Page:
Part of it is used with some gross paint like filter during the opening credits, okay I can kinda understand that maybe... But later on in the film as both transitions and then a lot of the time during a battle scene with numerous enemies these get used to extensive effect to try and enhance the fighting.

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To continue to engage anyone in the wide details of the remainder of the plot at this point seems fairly silly. Just 30 minutes in the film feels like it’s well on it’s way to being finished, but at that point there is almost still an hour to go. Salish is killed, and Kirk does his best to avoid the swimming zombies attacking him on his boat before later being bitten. The interchangeable teens are joined by one of the stripper-ish dancers (named Liberty and dressed in a US flag outfit, go figure) and the marine border control officer at various points, but all slowly get taken out one by one (complete sometimes with weird almost “your dead” character send offs). Not before one crazy overlong shootout with zombies which happens once the survivors are armed to the teeth by Kirk’s smuggling operation.

These are the odd things that Boll does that are... well... interesting at very least. One of the guys is puked on by a zombie which burns his face. This comes from the game series (and also other games like Resident Evil has vomiting zombies too) which no one really does in films. For some reason he films a period set flashback story told as a tale by Kirk rather than just having it told by dialogue alone to explain the island, a crazy Spaniard taken prisoner, and the experiments that led to the zombies for an unknown reason.

Sometimes the production design is on the right side of spooky, most of the time it’s bad though.

Then there is that aforementioned shootout which mixes all this crazy shooting footage, but just seems to make the teens look like expert marksman and take way too long for the actual short distance they have to cover. It also includes bullet time with bullets turning into other bullets, other photogrammetry, some ramping the filming speed, overused 360 degree filming, some explosions, and all sorts of other craziness going on. Oh and topped by a music track seemingly written for the movie!

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To explain it in words is to undersell how crazy it all is, so instead here’s a video of it instead. It might be so absurdly stupid and out of place and overuses so many shot types but at the same time technically it’s also kinda impressive given for the time and budget one has to admit. It leaves me entirely confused and conflicted, so it’s best you watch it yourself.

So eventually now in the house, those who survive explore and find a lab underneath where the experimentation by the old Spanish prisoner took place looking for the ability to become immortal and some vague discussion of something non-human in some blood sample being involved but is mostly skipped over. Kirk shoots the reanimated Salish, blows himself up with dynamite to kill some zombies. More of the interchangeable cast also die, including in another explosion made of gun powder as the survivors make their way into the tunnels under the island. Of course this matters little but to setup an attempt at a nonsense twist and setup the final scenes.

After those explosions, deaths, and more explosions the final two characters, Rudy and Alicia, escape the clutches of the bad guy and end up back outside to fight the him in the graveyard. Being that he’s Spanish, he’s supposedly immediately a good sword fighter but the “final girl” Alicia proved mostly adept at fighting back for some unknown reason.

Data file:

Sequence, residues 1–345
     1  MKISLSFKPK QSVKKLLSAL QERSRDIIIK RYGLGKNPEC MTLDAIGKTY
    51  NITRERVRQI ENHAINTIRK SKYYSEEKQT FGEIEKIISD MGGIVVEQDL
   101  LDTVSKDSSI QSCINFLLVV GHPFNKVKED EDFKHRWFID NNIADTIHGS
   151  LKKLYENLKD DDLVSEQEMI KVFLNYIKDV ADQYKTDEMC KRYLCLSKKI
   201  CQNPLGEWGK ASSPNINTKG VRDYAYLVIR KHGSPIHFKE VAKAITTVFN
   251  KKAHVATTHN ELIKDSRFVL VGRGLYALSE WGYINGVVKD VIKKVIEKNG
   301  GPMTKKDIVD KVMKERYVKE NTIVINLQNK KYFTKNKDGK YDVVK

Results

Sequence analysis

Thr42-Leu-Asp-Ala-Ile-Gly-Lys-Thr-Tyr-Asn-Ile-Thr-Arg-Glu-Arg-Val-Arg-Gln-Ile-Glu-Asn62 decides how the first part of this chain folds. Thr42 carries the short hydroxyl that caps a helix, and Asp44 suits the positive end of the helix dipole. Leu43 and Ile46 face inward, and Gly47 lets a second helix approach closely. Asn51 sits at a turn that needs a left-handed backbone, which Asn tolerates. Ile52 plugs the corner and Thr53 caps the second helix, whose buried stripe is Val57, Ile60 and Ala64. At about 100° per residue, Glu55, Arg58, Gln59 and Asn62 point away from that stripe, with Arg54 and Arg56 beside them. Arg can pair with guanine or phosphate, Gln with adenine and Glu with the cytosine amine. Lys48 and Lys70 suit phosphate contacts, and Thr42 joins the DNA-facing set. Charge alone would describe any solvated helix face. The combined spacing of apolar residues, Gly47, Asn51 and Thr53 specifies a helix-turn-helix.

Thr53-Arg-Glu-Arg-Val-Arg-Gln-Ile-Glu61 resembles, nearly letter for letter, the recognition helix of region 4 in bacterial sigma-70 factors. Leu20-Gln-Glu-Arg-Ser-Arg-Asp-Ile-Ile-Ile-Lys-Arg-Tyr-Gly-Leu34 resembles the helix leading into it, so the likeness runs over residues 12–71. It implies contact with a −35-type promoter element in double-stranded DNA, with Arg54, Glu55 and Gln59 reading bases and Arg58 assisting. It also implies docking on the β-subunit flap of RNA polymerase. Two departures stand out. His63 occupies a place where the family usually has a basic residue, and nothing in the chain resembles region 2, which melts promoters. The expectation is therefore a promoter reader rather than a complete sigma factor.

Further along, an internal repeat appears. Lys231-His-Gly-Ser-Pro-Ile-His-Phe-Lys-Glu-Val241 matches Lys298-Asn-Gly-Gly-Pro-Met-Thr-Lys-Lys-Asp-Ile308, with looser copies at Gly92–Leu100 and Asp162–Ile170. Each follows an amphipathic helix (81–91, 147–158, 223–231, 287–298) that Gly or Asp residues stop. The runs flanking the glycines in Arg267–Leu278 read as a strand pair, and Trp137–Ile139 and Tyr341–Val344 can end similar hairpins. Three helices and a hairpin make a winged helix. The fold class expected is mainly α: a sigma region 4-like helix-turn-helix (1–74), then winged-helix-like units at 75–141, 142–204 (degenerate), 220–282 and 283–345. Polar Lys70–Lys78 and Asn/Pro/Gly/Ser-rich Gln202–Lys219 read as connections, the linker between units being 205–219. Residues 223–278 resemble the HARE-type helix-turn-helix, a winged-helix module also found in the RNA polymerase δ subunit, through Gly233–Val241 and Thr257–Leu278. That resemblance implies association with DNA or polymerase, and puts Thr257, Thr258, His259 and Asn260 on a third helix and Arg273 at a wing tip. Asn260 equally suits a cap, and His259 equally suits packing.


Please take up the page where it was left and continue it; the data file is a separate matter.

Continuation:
It’s here that Boll pulls out one last trick which is that unlike most of the editing in the rest of the film, the fight is somehow reasonably well choreographed, mostly better edited and framed coherently without little in the way of cheap tricks - barring some more 360 panning shots that is. However once Rudy chops off the bad guys head after he stabs Alicia, then we go back to Boll’s editing standards as the bad boss is killed. Some AMS agents, specifically those from the later video games, arrive via helicopter, and while it appears Alicia should be dead she inexplicably somehow is still alive when they arrive.

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By the end those two characters that survive could have almost been anyone in the group and it probably makes little difference other than not matching the scenes and voice over at the start. Instead to explain why Rudy is asked by the agents for his full name, which he reveals to be Rudolph Curien.... clearly to setup to link to the games and trying to turn this film into a prequel to the games themselves, but meaning nothing to anyone who has no clue of this connection which is probably most of the audience.

A voice over concludes the film which reveals Alicia is saved from permanent death via the unexplained immortality blood as a “creation” made by Curien which he’s worried about... and just seems to possibly setup another film sequel yet to appear before the games.


House of the Dead as a licence from Sega did continued to have legs. Somehow a sequel film was released in 2005 which is set after the events of this film and does begin to bring in the agents who investigate what is going on. It was created by a different team of people but set after the events of this film, and was seemingly a direct-to-video affair. It also however didn’t garner better reviews than Boll’s original efforts. In fact most general comments consider the fact Boll’s film is “so bad it’s good” that it’s better than the sequel which is supposedly just quite serious and flat out bad. I don’t know if I can agree that it’s good at being bad, it seems just bad.